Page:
US 2992052 A
Description (OCR text may contain errors)
July 11, 1961 c. R. DE JOHN SELF SEALING PISTON Filed Dec. 9, 1959 Unite This invention relates to self sealing or ringless pistons for operation in high speed engines or motors, and is especially valuable as applied to the very small pistons of miniature motors, as used, for example, in toy boats, airplanes and automobiles.
Piston rings are well known to be inadequate as sealing means for miniature pistons, i.e., pistons having a range of about /2 inch to one inch diameter. They must therefore be of case hardened steel, and be individually ground and lapped to fit the respective cylinders in which they are to operate, the lapping operation involving the reciprocation of each piston in its cylinder, using an abrasive to bring it to the best fit possible. Such a procedure is obviously expensive as to material, time and labor, compared to the corresponding items of the present invention.
An object of the present invention is to greatly reduce the cost of making miniature pistons and at the same time produce pistons which have a better self-sealing quality not only when new but throughout their lives. Moreover, the improved pistons have much longer life than conventional miniature pistons, due to the construction herein shown and described.
The piston of this invention, having a much longer life, need not be case hardened, and in fact need not be made of iron or steel, but may be made of softer metal. That is due to the fact that successive wearing surfaces of the piston are resiliently pressed against the wall of the cylinder.
Another substantial advantage is that the construction is such that the gases, during both the compression and firing strokes, exert an outward pressure on the peripheral piston wall, thereby improving the sealing quality and the resulting engine efficiency.
The invention also eliminates the mentioned lapping operation which has heretofore been necessary.
The improved piston also allows smaller pistons to be made, pistons as as inch in diameter, for which there is great need and which, heretofore, could not be made commercially.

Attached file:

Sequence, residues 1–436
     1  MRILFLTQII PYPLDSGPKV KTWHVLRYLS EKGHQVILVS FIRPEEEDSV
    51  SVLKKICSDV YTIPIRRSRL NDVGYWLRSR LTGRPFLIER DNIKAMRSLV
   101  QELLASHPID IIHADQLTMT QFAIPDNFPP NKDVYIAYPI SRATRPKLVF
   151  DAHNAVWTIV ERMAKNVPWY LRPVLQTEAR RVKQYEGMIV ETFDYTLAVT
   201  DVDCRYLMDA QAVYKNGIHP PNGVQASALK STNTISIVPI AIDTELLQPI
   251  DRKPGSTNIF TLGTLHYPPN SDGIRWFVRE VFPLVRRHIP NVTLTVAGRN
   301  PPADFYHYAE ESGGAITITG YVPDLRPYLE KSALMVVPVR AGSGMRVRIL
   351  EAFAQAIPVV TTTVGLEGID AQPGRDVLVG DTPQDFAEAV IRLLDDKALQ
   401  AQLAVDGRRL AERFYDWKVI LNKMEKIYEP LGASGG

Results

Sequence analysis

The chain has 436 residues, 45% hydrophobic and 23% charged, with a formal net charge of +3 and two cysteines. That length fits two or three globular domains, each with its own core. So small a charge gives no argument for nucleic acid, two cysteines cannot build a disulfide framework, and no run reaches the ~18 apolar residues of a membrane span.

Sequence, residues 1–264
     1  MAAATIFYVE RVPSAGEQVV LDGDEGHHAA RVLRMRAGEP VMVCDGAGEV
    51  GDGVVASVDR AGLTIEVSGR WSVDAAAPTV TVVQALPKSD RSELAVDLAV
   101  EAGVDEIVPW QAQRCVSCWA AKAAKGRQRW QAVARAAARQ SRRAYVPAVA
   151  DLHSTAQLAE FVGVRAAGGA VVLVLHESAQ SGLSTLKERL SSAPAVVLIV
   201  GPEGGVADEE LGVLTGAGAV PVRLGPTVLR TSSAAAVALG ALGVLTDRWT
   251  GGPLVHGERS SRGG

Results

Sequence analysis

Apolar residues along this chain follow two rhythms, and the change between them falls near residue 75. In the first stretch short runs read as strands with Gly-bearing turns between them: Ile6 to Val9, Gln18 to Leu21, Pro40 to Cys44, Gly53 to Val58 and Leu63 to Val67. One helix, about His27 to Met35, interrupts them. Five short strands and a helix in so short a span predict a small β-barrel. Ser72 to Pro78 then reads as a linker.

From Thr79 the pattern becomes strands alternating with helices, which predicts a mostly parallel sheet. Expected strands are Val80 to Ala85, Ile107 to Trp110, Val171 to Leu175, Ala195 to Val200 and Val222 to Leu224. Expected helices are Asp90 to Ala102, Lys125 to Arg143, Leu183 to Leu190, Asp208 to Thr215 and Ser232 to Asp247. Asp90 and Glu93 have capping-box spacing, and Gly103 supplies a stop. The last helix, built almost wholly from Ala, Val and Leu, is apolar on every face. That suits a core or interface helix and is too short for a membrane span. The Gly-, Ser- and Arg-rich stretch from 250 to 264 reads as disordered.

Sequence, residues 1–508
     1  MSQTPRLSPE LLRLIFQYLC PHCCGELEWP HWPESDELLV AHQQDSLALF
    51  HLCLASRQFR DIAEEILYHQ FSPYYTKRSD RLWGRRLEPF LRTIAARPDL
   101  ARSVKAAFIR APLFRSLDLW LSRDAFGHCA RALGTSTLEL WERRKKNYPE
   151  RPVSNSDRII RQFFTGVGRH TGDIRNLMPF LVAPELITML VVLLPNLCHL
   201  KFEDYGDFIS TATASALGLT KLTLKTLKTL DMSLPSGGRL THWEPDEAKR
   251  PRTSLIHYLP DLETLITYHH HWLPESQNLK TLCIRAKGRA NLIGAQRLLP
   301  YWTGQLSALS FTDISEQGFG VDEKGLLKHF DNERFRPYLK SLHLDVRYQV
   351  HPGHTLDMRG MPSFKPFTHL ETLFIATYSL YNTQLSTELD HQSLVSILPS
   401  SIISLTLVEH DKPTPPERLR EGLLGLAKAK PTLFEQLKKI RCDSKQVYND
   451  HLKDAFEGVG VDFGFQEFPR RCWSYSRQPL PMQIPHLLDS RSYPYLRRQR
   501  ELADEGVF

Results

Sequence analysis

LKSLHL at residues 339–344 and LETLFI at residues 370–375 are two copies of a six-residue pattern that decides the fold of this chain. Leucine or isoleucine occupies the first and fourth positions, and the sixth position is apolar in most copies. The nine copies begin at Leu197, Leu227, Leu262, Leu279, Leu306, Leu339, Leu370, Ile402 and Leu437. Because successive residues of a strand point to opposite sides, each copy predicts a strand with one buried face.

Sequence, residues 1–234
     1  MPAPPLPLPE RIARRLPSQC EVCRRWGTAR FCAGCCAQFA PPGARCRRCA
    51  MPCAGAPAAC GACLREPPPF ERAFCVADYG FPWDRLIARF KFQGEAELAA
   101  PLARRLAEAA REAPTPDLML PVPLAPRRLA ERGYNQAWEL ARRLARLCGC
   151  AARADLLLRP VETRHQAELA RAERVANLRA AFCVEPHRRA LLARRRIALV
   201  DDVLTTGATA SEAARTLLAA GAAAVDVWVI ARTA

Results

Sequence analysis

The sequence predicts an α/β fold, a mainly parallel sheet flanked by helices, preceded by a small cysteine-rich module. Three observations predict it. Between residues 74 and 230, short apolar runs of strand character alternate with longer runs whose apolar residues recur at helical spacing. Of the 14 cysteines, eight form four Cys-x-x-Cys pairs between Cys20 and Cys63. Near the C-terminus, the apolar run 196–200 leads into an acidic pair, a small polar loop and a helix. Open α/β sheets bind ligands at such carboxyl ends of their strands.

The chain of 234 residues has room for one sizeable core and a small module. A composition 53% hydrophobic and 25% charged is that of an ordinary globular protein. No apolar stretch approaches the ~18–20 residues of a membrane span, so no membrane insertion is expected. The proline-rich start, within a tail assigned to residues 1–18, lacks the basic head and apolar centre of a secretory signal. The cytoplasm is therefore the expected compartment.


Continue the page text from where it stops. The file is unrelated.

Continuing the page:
The present invention also allows the improved pistons to be made from common trade stock in the form of small cylindrical rods, instead of the more expensive special material heretofore used and which must be hardened.
The invention contemplates a piston with a deep annular groove or cut-out in its head end, to provide outwardly or peripherally thereof what in effect is a single, wide, non-split, resilient ring spaced laterally from the body of the piston, and which is integral at one end with the piston and integral with respect to itself and which has a relatively large gas-sealing area pressing against the wall of the cylinder throughout its wearing life.
It is to be emphasized that, since the volume of airfuel mixture in the minute cylinders is extremely small, there can be practically no leakage if the motor is to develop sufiicient power to be of any use.
The invention is further distinguished by the simple procedure and tools required to make the new piston, and also by the fact that the necessary tolerance is only about three one-thousandths of an inch, as against one tates I atent 2,992,052 Patented July 11, 1961 ice ten-thousandths for the type requiring the mentioned lapping process.